Archive for March, 2004


A Devil’s Chaplain

March 28, 2004

I just finished a terrific book by evolutionary biologist Richard Dawkins called A Devil’s Chaplain: Reflections on Hope, Lies, Science, and Love. The book is an edited collection of his popular writings. That is to say, it’s not his scientific papers we’re talking about here. It’s articles for the general public, eulogies for friends, letters, book chapters written for a general audience and the like. And it’s pretty good stuff. You may remember that I have talked about him before in these pages. His views on religion are among the most refreshing, bold and inspiring I have ever read.

I’ve had this book on my wish list for months, in fact. My local library doesn’t have it. At least not yet. Then one day at work last week I suddenly realized I work in a library. (I have had this sudden realization twice now. Maybe soon it’ll sink in permanently.) The book was on a shelf not 100 yards from where I had been sitting.

In any case, his book was great and I higlhy recommend it. In fact if I were to make a short list of my living heroes, he’d be on it.


A Most Interesting Letter

March 28, 2004

County of Los Angeles
Department of Adoptions
Walter A. Heath, Director
Elizabeth I. Lynch, Deputy Director
2550 W. Olympic Blvd.
Los Angeles, California 90006

April 22, 1970

Dear Mr. and Mrs. Feldstein:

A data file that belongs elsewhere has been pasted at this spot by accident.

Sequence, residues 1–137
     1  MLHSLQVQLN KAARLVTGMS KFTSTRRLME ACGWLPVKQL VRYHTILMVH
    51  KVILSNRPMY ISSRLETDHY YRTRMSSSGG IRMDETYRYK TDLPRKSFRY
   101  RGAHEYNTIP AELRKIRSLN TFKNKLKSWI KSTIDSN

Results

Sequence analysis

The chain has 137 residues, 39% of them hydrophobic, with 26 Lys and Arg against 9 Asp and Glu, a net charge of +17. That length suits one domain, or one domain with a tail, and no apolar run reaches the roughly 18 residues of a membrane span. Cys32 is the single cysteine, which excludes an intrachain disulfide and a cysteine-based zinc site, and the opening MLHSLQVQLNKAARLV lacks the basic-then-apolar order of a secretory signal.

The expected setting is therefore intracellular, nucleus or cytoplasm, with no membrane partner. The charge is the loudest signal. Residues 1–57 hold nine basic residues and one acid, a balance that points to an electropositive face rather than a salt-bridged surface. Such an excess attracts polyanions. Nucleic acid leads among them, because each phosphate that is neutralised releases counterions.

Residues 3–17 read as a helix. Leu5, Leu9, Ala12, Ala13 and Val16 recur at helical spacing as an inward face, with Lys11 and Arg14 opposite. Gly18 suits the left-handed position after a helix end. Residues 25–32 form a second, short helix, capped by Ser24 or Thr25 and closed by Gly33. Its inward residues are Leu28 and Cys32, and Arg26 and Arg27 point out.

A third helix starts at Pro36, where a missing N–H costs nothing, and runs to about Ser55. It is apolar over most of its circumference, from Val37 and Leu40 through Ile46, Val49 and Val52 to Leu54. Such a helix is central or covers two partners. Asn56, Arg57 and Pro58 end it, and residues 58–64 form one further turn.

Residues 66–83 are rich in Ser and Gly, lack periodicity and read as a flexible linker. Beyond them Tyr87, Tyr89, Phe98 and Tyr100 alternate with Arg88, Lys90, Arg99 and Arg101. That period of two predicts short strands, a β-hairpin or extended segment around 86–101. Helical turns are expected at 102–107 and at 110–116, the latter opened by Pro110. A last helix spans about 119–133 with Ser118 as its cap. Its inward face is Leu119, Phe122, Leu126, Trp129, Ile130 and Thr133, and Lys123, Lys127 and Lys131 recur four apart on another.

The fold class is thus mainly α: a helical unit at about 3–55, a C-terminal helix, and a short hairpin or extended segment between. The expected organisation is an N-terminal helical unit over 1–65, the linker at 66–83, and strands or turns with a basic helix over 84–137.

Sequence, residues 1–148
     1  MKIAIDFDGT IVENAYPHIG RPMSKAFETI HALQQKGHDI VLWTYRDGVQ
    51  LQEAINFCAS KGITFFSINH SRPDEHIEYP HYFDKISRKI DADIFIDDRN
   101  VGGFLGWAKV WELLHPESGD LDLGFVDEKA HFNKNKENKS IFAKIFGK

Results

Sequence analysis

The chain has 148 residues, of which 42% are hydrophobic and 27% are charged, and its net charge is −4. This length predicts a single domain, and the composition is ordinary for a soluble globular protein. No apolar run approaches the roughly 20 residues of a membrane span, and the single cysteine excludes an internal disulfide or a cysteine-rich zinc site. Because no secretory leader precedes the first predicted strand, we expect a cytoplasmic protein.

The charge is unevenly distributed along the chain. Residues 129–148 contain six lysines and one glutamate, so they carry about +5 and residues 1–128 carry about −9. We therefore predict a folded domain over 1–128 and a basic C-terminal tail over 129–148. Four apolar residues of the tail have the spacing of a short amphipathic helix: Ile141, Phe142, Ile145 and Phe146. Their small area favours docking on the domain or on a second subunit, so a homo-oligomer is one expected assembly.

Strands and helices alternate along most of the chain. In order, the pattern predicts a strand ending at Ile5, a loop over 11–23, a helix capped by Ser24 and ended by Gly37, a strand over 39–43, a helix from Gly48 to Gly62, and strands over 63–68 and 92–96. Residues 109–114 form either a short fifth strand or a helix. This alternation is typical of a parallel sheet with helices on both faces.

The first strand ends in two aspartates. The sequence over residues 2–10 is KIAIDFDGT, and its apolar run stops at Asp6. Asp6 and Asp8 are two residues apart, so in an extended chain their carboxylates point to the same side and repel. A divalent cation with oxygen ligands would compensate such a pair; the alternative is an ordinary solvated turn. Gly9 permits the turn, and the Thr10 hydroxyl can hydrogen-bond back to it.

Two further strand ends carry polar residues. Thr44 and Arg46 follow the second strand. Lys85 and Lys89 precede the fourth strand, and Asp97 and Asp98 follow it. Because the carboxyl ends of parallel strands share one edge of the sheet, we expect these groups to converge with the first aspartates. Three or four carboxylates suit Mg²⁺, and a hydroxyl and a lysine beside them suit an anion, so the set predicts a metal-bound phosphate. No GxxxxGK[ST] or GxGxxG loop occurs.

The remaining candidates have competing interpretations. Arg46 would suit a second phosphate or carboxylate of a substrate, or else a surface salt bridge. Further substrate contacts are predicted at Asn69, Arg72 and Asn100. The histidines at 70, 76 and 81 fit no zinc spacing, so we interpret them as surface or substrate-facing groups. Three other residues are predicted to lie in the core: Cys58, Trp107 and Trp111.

We are sharing the following information with you regarding the natural or biological family of your son Scott. This will enable you to discuss it with him when he is older and wishes to know something about them.

Scott was born October 4, 1968 at 6:26 pm

He will be placed with you on April 24, 1970 and named Scott Richard Feldstein.

The natural or biological mother (n/m) of Scott was acaucasian [sic] girl of 16 years of German and English descent not very religious [and] a H.S. Student.

Physical description:

The n/m was 5’6″ tall, weighted 120 lbs had large hazel eyes and lite [sic] brown hair. She was fair of complexion slender of body build and long bone structure with very good health.
She has lovely features and is quite attractive.


The n/m’s interests were reading, history, sociology and psychology. She was a good student but had not decided to continue her education. However she did return to school after we had returned the baby to her in 12/68.

The n/m returned to the Dept. in Dec. 1969 to again discuss adoption planning for her son. She returned after having a year to think over what she felt was best for the child rather than what her parent wanted.
She also felt that she wanted to leave the mothers home and did not want to leave her son there.

The child appeared very well cared for and in good health.

At this time it was obvious that the n/m and her mother were not on the best of terms and that it was the plan of the n/m to remove the child from her care.

After some work with us the n/m reached the decision to relinquish the child and did so freely of her own volition.